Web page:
Dialogical features of the inner Alter could be accompanied by linguistic characteristics. As Benveniste (1971) argued, the pronominal use of I and you shows mutual involvement of interlocutors and therefore, he argued, subjectivity begins with the use of pronouns. Benveniste also pointed out that while the pronouns I and you are marked as persons, the third person is not, because it is outside discourse. It is someone spoken about and he therefore called the third person a ‘non-person’. He listed several linguistic characteristics of I and you separating them from the third person. First, I and you are discursively reversible: I addresses him-/herself to you and vice versa and such addressivity is unique each time it takes place. Both speakers think of themselves as I and about the other as you. In contrast, he can stand for an infinite number of persons or for nobody. Discursively, he cannot become I or you.
Moreover, and in contrast to I and you, the third person can literally turn a person into a thing. Just consider numerous cases of medical or health related interviews between clients and professionals, in which the professional, while actually talking to the client as I and you, switches from you to he (e.g. Aronsson, 1991). But even in interpersonal dialogue, in which one speaker wisher to treat the other as a non-person, may switch to the third person. For example, in Ibsen’s ‘The doll’s House’ Helmer reprimands his wife Nora for spending too much money for Christmas presents. First he tells her that one should not live on credit and borrowed money. Then, seeing that Nora is upset, he switches to the third person:
Helmer: There, there. My little singing bird mustn’t go drooping her wings, eh? Has it got he sulks, that little squirrel of mine? (from Rommetveit, 1991, p. 197).
But as Benveniste (1971, p. 200) points out, this quite a ‘special position of the third person’ can take on an antinomic position. In contrast to denigration due to switching from the second to the third person, the use of the third person can also mark respect: ‘it is the polite form (employed in Italian and German or in the forms of ‘His Majesty’) which raises the interlocutor above the status of person and the relationship of man to man’ (Benveniste, 1971, p.200).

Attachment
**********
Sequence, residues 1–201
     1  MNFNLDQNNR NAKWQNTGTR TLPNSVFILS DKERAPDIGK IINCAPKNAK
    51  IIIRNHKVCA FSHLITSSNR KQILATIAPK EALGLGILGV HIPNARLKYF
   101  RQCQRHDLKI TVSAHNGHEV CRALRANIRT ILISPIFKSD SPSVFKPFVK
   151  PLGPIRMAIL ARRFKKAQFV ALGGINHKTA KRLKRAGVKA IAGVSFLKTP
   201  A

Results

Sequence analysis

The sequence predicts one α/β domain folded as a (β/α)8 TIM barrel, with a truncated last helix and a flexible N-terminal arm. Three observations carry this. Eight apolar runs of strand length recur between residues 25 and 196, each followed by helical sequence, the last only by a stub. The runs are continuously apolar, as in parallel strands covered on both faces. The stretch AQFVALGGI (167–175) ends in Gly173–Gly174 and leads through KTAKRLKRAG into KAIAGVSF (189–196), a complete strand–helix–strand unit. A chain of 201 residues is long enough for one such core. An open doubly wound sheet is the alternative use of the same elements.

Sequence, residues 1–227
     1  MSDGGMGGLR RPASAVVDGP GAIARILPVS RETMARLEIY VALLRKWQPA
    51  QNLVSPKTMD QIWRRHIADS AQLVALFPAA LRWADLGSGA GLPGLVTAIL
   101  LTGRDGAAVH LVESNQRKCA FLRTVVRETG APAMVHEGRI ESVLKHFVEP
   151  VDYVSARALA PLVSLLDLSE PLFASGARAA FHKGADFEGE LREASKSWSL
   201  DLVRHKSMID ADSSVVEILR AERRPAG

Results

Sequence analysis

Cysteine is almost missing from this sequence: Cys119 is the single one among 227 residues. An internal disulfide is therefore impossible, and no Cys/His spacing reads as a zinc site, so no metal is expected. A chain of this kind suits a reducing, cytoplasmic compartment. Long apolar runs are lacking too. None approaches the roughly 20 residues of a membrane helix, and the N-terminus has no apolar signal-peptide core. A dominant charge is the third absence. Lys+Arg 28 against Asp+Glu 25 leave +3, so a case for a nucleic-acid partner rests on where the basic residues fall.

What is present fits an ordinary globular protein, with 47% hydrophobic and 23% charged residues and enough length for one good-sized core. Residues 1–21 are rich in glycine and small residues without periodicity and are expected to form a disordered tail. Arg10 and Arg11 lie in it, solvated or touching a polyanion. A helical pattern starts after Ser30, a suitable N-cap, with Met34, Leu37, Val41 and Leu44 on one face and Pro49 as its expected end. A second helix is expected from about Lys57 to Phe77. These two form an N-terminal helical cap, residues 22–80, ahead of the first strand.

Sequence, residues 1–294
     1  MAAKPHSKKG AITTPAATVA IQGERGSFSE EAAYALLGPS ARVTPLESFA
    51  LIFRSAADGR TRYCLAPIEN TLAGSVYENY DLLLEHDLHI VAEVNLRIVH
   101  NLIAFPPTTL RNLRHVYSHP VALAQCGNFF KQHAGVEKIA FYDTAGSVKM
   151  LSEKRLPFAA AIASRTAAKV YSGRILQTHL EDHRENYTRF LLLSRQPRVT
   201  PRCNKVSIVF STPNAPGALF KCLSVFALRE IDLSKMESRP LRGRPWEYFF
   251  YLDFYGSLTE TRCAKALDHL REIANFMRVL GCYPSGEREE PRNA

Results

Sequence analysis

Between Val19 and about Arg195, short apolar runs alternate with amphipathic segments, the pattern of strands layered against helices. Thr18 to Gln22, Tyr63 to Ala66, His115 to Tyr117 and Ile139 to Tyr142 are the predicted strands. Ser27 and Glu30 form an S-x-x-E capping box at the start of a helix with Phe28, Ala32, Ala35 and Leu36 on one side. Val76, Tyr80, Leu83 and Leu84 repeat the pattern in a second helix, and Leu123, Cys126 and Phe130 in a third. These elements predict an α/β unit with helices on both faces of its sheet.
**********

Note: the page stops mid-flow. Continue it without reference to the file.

In internal dialogues, the Ego speaking to the self can address him-/herself as the I as well as the third person. For example, in Platonov’s story, speaking to himself, Ivanov says: ‘Masha isn’t expecting me’, … ‘She told me I’d forget her’, and ‘yet here I am, on my way to her for ever.’ On the other hand, if the speaker wishes to distance from the previous identity that he/she no longer wishes to expose, it may be desirable to address that old identity as ‘he’ rather than ‘I’.
Moreover, in a direct discourse the speakers usually respond to one another without repeating each other’s words which would make the dialogue redundant. They adopt Grice’s conversational maxims, in particular those of quantity (do not make your contribution more informative than necessary) and manner (be brief, avoid unnecessary wordiness). In contrast, when reverting to reported speech, i.e. the speech of the third party, they are free to treat it according to their choice. On the one hand they may preserve its linguistic and content authenticity. This authenticity actually strengthens the impact of the quotation. Depending on how the quotation is made, its impact can either increase or decrease. On the other hand, the speaker may distort authenticity by introducing his or her own interpretation, by making specific accents, by using a ‘synonym’ with a slightly different meaning and so on. Speakers may also select what to report, what not to say and all that changes the impact on the audience. They may decide want not to say or to say something in a way that distorts the original meaning. A joke about the religious dignitary when he arrived at an important visit to another country says it all. The dignitary was asked by someone: Would you also like to see our brothels? Not knowing how to respond to such a question, he responded by a question: Do you have brothels? Next day a newspaper published an article entitled: The dignitary asked the question: Do you have brothels?